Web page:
Counsel argued the nature of the liability limitation in the Warsaw Convention and its progeny, the Hague Protocol, and the Montreal Agreement. Defendant's contention is that: 1) the Warsaw Convention is a treaty made under the authority of the United States and is therefore the supreme law of the land; and 2) the conventions expressly deal with the issue before this Court, and limit liability. Defendant cites in particular Article 22. Plaintiffs respond that the Warsaw Convention, by its terms, is applicable only to a contractual relationship which may exist between passengers and carriers; and that the Convention and its progeny read in their entirety merely provide a mechanism by which air carriers may limit their liability stemming from a contract of carriage, citing Article 1(2). Plaintiffs assert that the liability limitation is based upon contractual principles, citing Block v. Compagnie Nationale Air France, 229 F. Supp. 801, 811 (N.D.Ga.1964), and arguing their interpretation is consonant with the treaty's notice requirements.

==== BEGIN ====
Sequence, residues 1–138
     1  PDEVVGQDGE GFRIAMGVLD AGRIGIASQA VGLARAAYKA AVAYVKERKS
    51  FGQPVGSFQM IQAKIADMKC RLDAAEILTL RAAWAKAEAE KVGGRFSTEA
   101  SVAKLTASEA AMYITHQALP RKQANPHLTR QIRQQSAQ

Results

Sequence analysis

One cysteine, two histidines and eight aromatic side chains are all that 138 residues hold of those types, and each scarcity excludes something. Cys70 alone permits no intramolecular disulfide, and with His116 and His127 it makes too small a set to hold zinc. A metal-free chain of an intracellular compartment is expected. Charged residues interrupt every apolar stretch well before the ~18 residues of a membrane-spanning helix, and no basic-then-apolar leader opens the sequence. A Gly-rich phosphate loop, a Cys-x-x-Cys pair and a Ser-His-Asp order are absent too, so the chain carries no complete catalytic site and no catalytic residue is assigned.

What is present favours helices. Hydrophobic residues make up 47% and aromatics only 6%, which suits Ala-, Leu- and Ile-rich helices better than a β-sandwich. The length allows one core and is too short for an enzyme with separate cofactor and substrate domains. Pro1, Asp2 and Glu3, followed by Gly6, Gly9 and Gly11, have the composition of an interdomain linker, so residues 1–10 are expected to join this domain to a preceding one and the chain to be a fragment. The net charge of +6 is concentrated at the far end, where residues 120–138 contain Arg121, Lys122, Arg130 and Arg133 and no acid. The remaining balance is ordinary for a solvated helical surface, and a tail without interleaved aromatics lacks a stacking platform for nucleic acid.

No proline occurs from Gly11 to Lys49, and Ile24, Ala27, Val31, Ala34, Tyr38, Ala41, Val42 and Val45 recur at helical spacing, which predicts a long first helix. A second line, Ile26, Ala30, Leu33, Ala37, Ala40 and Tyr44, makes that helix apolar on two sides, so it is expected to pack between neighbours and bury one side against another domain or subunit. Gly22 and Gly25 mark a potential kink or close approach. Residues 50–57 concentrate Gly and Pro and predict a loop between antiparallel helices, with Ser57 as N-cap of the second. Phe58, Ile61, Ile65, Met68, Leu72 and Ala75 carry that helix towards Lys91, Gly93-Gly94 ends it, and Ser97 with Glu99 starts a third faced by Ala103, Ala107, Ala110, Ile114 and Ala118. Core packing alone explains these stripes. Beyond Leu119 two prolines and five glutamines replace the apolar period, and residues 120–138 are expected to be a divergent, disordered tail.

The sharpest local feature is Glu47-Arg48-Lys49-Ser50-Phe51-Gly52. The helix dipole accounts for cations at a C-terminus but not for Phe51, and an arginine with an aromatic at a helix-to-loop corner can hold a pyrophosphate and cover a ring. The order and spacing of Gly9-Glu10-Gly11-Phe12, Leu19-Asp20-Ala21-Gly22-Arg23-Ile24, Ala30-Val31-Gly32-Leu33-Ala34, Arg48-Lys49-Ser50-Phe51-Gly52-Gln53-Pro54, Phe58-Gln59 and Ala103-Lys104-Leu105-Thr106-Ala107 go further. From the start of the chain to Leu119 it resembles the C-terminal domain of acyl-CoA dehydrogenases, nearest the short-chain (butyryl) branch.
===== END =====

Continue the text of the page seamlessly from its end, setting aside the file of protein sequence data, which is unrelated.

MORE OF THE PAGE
The plaintiffs' argument on the general contractual nature of the liability limitation is persuasive, in light of the Warsaw Convention's text, case law, the Montreal Agreement and the circumstances surrounding it, and today's federal public policy towards air carriers.

1. Text: